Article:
For the rivalry’s sake and the prospects for its continuance, a split would’ve been much better. Instead, the reward for Georgetown coach John Thompson III agreeing to renew the intra-DMV clash with Maryland is two losses by a combined five points.
Here’s hoping he isn’t dissuaded from doing his part to make Hoyas-Terrapins an annual affair.
Tuesday’s game perfectly demonstrated one reason Thompson might be averse. Georgetown was the home team, but Maryland’s fans were louder by the end of the game. With a student body twice as large – and an alumni base that’s presumably just as disproportionate – Maryland is unlike typical visitors the Hoyas host in downtown D.C.
While Verizon Center doesn’t become a hostile environment for Georgetown when Maryland is in the building, it’s not much better than a neutral site, either. Certainly it doesn’t compare to the Terps’ home court advantage when they host the Hoyas at Xfinity Center on the College Park campus.
The Hoyas could’ve been on the road Tuesday as they blew a nine-point lead in the final 2:21. Half the crowd (or more) wouldn’t cheer wildly if Georgetown melted down against an out-of-town, non-conference foe early in the season. But that’s what happened as Maryland cut into the margin and eventually went ahead on Melo Trimble’s free throws with seven seconds remaining.
This is the second consecutive “Maryland at Georgetown” contest that ended with a one-point victory in a building the Washington Wizards call home. Granted, the last one was in 1993, when the Terps won on Duane Simpkins’ last-second shot in overtime at the USAir Arena. But 2016 might have the same effect on JT3’s taste for the rivalry as 1993 had on his father, Big John, who never scheduled Maryland again.
“I loved the arena at the end,” Terps coach Mark Turgeon told reporters Tuesday night. “‘Let’s go Maryland, let’s go Georgetown’ – I thought that was really cool.”
Already hesitant to put the rivalry on par with the annual Crosstown Shootout between Cincinnati and Xavier, schools just three miles apart, Thompson could be less eager now. Especially since it likely costs Georgetown a less-challenging home game.
“I told you, a couple of weeks ago, that in a perfect world we wouldn’t have this game right here this early in the year,” he told reporters after the 76-75 defeat.
Would he like to see the rivalry continue? “Mark and I will talk,” JT3 said. “We’ll see.”
Turgeon noted that “we’ve been on the lucky side the last two years. At the eight-minute timeout, both years they’ve been up six or eight and we’ve been able somehow to win the game.”
Would he like to make the matchup a regular occurrence? “I think it’s been great for the area,” Turgeon said. “It’s been fantastic. … JT and I, whatever we talk about, it’s going to be in private, and we’ll do that in the future I’m sure.”
At the very least, they should re-up for the just-concluded home-and-home as part of the Gavitt Tipoff Games, which pits Big Ten and Big East teams.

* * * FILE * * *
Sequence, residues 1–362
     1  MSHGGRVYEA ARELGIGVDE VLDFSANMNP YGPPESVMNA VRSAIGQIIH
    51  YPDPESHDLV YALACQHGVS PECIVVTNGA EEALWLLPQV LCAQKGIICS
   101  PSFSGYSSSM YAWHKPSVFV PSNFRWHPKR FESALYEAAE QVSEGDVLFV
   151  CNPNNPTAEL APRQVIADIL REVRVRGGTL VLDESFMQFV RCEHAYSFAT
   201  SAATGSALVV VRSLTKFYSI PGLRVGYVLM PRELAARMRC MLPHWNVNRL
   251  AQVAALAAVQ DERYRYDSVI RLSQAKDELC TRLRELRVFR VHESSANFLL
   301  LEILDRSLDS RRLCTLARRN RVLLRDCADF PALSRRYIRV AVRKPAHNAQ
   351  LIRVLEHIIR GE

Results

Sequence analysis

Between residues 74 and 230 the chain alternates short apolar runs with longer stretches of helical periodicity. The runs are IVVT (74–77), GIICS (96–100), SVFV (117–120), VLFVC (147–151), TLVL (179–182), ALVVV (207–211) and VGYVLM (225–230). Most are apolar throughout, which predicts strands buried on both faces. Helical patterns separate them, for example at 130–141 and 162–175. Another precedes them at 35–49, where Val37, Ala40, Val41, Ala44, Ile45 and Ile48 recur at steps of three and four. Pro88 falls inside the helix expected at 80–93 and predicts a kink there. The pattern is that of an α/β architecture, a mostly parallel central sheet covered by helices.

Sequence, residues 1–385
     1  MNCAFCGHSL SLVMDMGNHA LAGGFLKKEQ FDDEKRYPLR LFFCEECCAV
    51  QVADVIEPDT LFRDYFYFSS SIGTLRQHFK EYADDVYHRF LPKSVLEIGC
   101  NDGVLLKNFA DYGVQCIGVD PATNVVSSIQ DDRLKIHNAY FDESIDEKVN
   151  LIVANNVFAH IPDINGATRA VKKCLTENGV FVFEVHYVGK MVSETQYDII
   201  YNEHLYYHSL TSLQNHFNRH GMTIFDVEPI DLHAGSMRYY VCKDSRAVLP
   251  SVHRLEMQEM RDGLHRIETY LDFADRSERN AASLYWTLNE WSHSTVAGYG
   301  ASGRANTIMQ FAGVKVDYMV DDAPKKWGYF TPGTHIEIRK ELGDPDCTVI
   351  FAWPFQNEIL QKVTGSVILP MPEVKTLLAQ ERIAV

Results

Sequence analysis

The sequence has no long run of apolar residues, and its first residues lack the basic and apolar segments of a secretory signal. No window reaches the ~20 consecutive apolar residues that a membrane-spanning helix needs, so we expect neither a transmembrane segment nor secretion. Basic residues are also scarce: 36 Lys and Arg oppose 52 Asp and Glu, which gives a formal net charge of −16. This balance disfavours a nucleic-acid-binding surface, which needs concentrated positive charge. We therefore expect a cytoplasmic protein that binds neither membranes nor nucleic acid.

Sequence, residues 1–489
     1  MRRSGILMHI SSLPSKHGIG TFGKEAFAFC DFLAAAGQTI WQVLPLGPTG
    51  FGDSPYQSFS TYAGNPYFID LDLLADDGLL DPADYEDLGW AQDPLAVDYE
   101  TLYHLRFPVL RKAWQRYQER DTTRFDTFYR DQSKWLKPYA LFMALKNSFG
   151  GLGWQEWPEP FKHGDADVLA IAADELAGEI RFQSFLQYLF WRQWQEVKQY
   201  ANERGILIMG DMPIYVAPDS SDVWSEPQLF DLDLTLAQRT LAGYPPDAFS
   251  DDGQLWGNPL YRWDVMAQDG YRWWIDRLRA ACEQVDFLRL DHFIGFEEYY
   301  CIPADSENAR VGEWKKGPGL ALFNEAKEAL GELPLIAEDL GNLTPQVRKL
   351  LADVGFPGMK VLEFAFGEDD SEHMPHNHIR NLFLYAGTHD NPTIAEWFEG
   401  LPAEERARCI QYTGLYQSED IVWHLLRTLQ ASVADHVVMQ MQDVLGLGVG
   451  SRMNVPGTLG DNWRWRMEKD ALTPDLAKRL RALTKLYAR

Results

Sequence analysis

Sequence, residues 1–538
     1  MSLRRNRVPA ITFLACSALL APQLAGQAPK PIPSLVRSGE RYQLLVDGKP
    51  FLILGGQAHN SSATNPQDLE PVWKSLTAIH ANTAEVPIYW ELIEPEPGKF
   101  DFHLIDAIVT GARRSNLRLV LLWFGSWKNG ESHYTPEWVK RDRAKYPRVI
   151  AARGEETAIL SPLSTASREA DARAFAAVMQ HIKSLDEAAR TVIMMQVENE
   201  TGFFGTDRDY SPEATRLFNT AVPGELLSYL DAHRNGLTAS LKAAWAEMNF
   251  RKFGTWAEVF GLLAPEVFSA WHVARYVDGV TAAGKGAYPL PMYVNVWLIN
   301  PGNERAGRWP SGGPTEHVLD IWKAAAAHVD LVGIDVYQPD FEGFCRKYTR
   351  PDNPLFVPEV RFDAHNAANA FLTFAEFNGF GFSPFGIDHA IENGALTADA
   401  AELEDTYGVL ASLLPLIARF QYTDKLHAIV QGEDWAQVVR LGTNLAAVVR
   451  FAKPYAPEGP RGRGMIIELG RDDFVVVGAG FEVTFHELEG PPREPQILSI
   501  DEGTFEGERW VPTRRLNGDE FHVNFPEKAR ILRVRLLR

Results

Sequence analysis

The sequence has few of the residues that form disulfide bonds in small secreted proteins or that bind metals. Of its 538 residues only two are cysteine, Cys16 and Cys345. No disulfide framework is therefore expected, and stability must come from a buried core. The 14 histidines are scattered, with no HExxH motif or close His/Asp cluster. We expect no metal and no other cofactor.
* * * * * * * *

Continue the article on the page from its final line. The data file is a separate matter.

The inter-conference series is scheduled to be played annually the first week of each season until 2022. If Thompson and Turgeon don’t want their teams to knock heads another six times, a couple more shouldn’t be too much to ask.
Coaches’ reluctance to face a steak instead of a cupcake this early is becoming passé. November tournaments routinely present a smorgasbord of heavyweights doing battle. Tuesday featured No. 1 Duke vs. No. 7 Kansas and No. 2 Kentucky vs. No. 13 Michigan State in the State Farm Champions Classic. No. 3 Villanova and No. 15 Purdue squared off Monday in a Gavitt Tipoff clash. Top 25 teams Rhode Island and Cincinnati play each other this weekend in the Naismith Memorial Hall of Fame Tipoff.
Granted, Maryland-Georgetown has more emotional juice than your average non-conference game between traditional powers. They might not be in the midst of simultaneous upswings each time they play – in fact, Tuesday marked the first time since 1970 neither program was ranked entering a meeting – but being just 20 miles apart ratchets up the intensity to conference-rival levels.
Bitter rivals like Georgetown-Syracuse (and Maryland-Duke in the old ACC days) typically don’t play until the end of December or later. When you add proximity to emotion – like Cincinnati-Xavier – showdowns can be pushed back even further: Two seasons ago, the Bearcats and Musketeers met on Feb. 18.
Ideally, as Thompson said, Terps-Hoyas wouldn’t be a fixture every year before the season barely gets underway. The Gavitt games have been a great vehicle to resurrect the contest but the coaches should take over from here, even though Verizon Center works a bit against Georgetown in a home-and-home situation.
This rivalry should become a non-negotiable part of each school’s annual schedule. The impact on college basketball in this area is too great to bypass. “That’s down the road,” Turgeon said about possibly continuing the series.
Fine. Just make sure the road doesn’t end short of the mark.